When it comes to Star Wars vehicles, I have a special fondness for the AT-AT. It’s just so crazy. Big, lumbering, vulnerable around the legs. I’ve often wondered where or how it was used to its full potential. It got the job done on Hoth, yes, but did they go into that battle knowing they’d lose a few vehicles to the ingenuity of a not-too-bright blonde farmboy? Were the pilots thinking, “If only we were back on Coruscant, where this baby can really fly!” The lunacy of the design, combined with the fact that I found one under the Christmas tree one year when I was just a tiny little fanboy, earn the AT-AT a place in my heart for all time. Since it was one of the few Imperial vehicles I owned, it became Vader‘s favorite mode of transportation whenever he had places to go, people to kill. In his breathy baritone, Vader would say, “Should I take the Tie Fighter or the AT-AT? The wings are always popping off the Tie Fighter. But I don’t really need to stomp anything. Oh, what the heck. Let’s take the AT-AT!” Then, Vader and his cronies would leap into the AT-AT, which was inexplicably parked next to the Death Star and lumber off to torment Luke and the gang.
Now, let’s talk about Lego. Believe it or not, I never owned a single Lego when I was a kid. Not one block. My collecting habits were very specific. For me, it was all about Star Wars and He-Man. That’s it. I had a handful of Smurfs, some Muppets, Steve Austin, but I seriously think my parents would have dropped me off at the nearest Dickensian orphanage if I had tried to collect anything else. So I grew up Lego-less, and frankly, never really saw the appeal anyway. Besides assembling playsets, I never really understood the joy of putting something together and taking it apart, over and over. I never got into model kits, either. I think my attitude has always been, “Why should I do all the work?” Just let me buy the finished product. And yet, this Lego AT-AT intrigues me. It walks. It moves its head back and forth. It comes with General Veers, one of my favorite lackeys. It’s also $129.99. That’s a lot of dough for a pile of tiny plastic bricks. But I could put a leash on it and take it for walks and terrorize the neighborhood. I could send it off on errands, with the gentle reminder, “Look out for tow cables!”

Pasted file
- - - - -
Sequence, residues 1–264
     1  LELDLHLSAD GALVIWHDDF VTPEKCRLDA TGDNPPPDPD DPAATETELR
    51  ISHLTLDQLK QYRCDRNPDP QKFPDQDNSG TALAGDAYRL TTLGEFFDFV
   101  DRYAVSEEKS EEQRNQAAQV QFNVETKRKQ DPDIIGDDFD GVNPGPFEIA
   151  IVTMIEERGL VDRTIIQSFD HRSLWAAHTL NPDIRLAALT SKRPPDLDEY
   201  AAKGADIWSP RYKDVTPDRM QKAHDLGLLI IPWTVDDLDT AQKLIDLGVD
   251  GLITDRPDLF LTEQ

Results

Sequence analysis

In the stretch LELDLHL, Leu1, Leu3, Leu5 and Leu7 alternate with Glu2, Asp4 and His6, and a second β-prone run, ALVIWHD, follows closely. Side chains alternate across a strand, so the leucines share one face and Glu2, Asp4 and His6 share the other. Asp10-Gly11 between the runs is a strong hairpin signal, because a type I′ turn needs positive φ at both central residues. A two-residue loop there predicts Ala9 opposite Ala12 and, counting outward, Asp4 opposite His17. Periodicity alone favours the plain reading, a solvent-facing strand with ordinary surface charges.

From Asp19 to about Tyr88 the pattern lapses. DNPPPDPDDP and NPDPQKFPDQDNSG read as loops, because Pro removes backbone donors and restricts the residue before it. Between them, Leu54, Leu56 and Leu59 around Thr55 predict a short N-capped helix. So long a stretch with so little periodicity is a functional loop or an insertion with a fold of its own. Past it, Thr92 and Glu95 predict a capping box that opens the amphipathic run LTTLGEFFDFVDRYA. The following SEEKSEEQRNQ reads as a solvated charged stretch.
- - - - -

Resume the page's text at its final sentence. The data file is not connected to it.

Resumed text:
Of course that would mean I’d also have to put it together. Let’s face it, there’s a very good reason I had to stop buying IKEA furniture (and not just because I turned 30). My lack of Legos as a kid has clearly impaired my ability to put anything together as an adult. Will I have to hire someone to construct my pet AT-AT? Will it just sit in its box, a symbol of potential greatness thwarted by my lack of engineering skills? Most likely, I will just put this out of my mind, holding out hope that the full-sized version will be available soon, maybe as part of a “clunkers for all-terrain armored-transport” program. Stomping my way down the 101 freeway could be the best possible use of an AT-AT ever. And then I would kill Wedge. Because he sucks.